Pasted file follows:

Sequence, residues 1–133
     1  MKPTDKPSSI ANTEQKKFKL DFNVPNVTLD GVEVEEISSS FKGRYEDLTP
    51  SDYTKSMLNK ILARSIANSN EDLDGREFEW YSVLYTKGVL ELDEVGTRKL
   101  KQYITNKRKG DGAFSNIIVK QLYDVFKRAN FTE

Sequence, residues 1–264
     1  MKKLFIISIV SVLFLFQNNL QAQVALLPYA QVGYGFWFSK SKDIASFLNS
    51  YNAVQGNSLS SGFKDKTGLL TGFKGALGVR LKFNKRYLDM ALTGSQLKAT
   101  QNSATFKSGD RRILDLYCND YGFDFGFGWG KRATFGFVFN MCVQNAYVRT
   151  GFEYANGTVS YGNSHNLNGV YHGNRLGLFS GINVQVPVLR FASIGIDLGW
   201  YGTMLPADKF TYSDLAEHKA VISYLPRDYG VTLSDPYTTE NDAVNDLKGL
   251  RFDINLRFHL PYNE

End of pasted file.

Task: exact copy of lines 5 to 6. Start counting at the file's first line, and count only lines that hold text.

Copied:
Sequence, residues 1–264
     1  MKKLFIISIV SVLFLFQNNL QAQVALLPYA QVGYGFWFSK SKDIASFLNS